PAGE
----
Desirable, early Wilhelm Furtwaengler Autograph

Desirable, early Wilhelm Furtwaengler Autograph: Hand-signed Photo. CoA

The Autograph comes with a Certificate of Authenticity.

3,4 x 5,5 inches.  Very fine condition. No postcard, real photograph. Photo by Hans Dietrich & Co, Wien.

Wilhelm Furtwaengler (1886 -1954) was a German conductor and composer.

At his first concert, he led the Kaim Orchestra (now the Munich Philharmonic Orchestra) in Anton Bruckner’s Ninth Symphony. He subsequently held posts at Munich, Luebeck, Mannheim, Frankfurt, and Vienna, before securing a job at the Berlin Staatskapelle in 1920, and in 1922 at the Leipzig Gewandhaus Orchestra where he succeeded Arthur Nikisch. Later he became music director of the Vienna Philharmonic Orchestra, the Salzburg Festival and the Bayreuth Festival, which was regarded as the greatest post a conductor could hold in Germany at the time.

Towards the end of the war, under extreme pressure from the Nazi Party, Furtwaengler fled to Switzerland. It was during this troubled period that he composed what is largely considered his most significant work, the Symphony No. 2 in E minor.

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Early Otto Klemperer Autograph. Hand-signed Photo Card. CoA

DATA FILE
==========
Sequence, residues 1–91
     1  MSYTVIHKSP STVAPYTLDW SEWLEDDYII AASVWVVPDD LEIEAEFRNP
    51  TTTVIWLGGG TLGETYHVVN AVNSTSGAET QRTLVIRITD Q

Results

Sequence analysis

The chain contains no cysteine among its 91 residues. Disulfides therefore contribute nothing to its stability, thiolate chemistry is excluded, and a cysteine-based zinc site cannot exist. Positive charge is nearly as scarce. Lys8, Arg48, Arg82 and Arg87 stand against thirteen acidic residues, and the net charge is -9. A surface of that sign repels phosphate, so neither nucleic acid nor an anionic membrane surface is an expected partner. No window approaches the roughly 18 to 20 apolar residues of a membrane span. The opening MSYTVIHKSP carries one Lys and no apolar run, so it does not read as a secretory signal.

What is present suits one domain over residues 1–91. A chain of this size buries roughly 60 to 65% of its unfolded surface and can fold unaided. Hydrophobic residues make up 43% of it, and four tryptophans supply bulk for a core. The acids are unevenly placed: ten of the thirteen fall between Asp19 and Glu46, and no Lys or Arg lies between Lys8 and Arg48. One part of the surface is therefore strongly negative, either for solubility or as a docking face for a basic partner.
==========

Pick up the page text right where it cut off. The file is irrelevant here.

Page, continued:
Early Otto Klemperer Autograph. Hand-signed Photo Card. CoA

Conductor Otto Klemperer: Portrait Photo as Photo-postcard (Photo: Mahrenholz, Berlin). Hand-signed by Otto Klemperer.

The Autograph comes with a Certificate of Authenticity.

Otto Klemperer (1885 – 1973) was a German-born conductor and composer. He is widely regarded as one of the leading conductors of the 20th century.

He enhanced his reputation as a champion of new music, playing a number of new works, including Leoš Janacek’s From the House of the Dead, Arnold Schoenberg’s Erwartung, Igor Stravinsky’s Oedipus Rex, and Paul Hindemith’s Cardillac.

In 1933, once the Nazi Party had reached power, Klemperer, who was Jewish, left Germany and moved to the United States. In the U.S. he was appointed Music Director of the Los Angeles Philharmonic Orchestra.